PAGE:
Purchase this article with an account.
Hiroshi Murata, Makoto Aihara, Yi-Ning Chen, Takashi Ota, Jiro Numaga, Makoto Araie; Imaging Mouse Retinal Ganglion Cells and Their Loss In Vivo by a Fundus Camera in the Normal and Ischemia-Reperfusion Model. Invest. Ophthalmol. Vis. Sci. 2008;49(12):5546-5552. doi: 10.1167/iovs.07-1211.
Download citation file:
© 2017 Association for Research in Vision and Ophthalmology.
purpose. To visualize retinal ganglion cells (RGCs) and their gradual loss in the living mouse.
methods. With the use of B6.Cg-Tg(Thy1-CFP)23Jrs/J mice, which express cyan fluorescent protein (CFP) in RGCs, and a commercially available mydriatic retinal camera attached with a 5 million-pixel digital camera to visualize RGCs in vivo, the authors recorded fundus photographs longitudinally in the ischemia reperfusion model group and the untreated group to evaluate longitudinal changes in the number of RGCs in experimental models. Moreover, RGCs expressing CFP were evaluated histologically by a retrograde-labeling method and retinal whole mount or sections.
results. The authors devised an in vivo imaging technique using a conventional retinal camera and visualized RGCs at the single-cell level. In the ischemia reperfusion model, a longitudinal reduction in the number of RGCs was demonstrated in each mouse eye. The number of RGCs and the fluorescence intensity of the nerve fiber decreased considerably during the first week. The percentages of RGCs decreased to 34.2% ± 7.5%, 24.1% ± 9.1%, 23.0% ± 9.3%, and 22.2% ± 8.4% (mean ± SD, n = 5) of the percentages before injury at 1, 2, 3, and 4 weeks after injury, respectively (P < 0.001). In this transgenic mouse, 97% of CFP-expressing cells were RGCs and 73% of RGCs expressed CFP.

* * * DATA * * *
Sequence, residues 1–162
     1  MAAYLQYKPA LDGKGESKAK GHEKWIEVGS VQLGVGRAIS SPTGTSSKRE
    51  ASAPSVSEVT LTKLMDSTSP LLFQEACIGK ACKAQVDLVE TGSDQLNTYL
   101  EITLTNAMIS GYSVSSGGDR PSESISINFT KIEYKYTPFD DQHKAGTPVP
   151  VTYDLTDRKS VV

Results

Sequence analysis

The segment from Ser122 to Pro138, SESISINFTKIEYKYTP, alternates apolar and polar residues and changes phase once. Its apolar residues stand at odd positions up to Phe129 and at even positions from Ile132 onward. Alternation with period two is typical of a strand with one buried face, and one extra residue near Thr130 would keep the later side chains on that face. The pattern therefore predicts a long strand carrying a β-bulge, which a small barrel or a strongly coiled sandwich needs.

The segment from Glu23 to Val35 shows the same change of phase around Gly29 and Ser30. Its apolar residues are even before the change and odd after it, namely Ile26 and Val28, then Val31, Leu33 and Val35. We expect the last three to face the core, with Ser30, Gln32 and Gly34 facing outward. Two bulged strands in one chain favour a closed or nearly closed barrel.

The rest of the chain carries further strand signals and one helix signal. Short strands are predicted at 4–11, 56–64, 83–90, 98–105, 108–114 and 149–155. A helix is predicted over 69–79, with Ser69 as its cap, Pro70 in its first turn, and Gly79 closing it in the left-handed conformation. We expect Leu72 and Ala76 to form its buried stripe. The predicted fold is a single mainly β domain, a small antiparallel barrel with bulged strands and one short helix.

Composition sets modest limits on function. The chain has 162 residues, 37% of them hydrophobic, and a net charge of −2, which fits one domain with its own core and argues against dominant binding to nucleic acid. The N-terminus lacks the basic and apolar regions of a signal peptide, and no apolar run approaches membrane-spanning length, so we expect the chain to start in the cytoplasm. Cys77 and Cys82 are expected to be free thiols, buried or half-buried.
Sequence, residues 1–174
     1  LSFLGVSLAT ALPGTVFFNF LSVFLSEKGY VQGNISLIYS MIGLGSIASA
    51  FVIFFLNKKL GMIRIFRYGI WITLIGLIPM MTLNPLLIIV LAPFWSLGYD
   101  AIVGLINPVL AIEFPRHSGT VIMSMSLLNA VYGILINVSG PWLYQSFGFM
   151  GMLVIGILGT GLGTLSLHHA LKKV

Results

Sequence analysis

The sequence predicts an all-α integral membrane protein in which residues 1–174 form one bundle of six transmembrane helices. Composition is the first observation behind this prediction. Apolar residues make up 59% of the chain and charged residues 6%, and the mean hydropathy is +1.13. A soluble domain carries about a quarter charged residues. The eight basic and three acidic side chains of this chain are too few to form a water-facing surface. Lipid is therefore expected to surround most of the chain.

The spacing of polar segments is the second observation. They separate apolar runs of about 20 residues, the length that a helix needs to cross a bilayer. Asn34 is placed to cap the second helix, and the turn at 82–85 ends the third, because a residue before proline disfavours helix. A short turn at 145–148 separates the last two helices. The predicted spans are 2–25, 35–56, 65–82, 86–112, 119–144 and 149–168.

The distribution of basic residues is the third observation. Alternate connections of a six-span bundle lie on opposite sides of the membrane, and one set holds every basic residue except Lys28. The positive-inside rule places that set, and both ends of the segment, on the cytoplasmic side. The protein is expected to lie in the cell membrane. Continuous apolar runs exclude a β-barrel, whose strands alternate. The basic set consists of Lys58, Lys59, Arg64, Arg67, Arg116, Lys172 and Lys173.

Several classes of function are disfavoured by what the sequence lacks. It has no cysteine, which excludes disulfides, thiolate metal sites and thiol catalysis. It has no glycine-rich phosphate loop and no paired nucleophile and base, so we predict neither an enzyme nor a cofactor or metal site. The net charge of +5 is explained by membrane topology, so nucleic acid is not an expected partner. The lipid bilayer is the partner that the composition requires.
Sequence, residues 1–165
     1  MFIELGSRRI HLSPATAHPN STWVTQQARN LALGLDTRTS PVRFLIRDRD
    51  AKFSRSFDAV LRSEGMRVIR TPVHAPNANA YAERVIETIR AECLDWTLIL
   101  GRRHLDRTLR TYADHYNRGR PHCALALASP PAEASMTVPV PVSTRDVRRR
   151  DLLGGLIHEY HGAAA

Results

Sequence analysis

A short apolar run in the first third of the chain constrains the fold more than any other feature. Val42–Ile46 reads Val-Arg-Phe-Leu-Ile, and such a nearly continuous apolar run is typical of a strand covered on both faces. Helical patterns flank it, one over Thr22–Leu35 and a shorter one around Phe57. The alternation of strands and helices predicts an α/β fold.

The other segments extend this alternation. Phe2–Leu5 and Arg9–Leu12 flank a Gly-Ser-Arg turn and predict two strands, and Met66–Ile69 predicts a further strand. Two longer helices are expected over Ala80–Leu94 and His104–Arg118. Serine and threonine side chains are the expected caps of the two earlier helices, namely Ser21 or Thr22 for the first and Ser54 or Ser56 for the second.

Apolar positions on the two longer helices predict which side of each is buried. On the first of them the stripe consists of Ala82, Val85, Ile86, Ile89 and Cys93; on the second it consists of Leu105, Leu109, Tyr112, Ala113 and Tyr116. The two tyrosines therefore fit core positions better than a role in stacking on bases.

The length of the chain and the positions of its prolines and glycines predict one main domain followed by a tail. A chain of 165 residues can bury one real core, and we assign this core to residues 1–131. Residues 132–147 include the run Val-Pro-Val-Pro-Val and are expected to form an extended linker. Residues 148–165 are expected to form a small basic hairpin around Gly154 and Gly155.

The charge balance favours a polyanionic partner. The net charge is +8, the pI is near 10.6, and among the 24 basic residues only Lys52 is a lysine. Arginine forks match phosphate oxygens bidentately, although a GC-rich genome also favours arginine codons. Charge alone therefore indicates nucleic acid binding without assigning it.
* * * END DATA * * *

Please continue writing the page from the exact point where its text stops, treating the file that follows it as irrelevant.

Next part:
conclusions. This in vivo technique allows noninvasive, repeated, and longitudinal evaluation of RGCs for investigation of retinal neurodegenerative diseases and new therapeutic modalities for them.
This PDF is available to Subscribers Only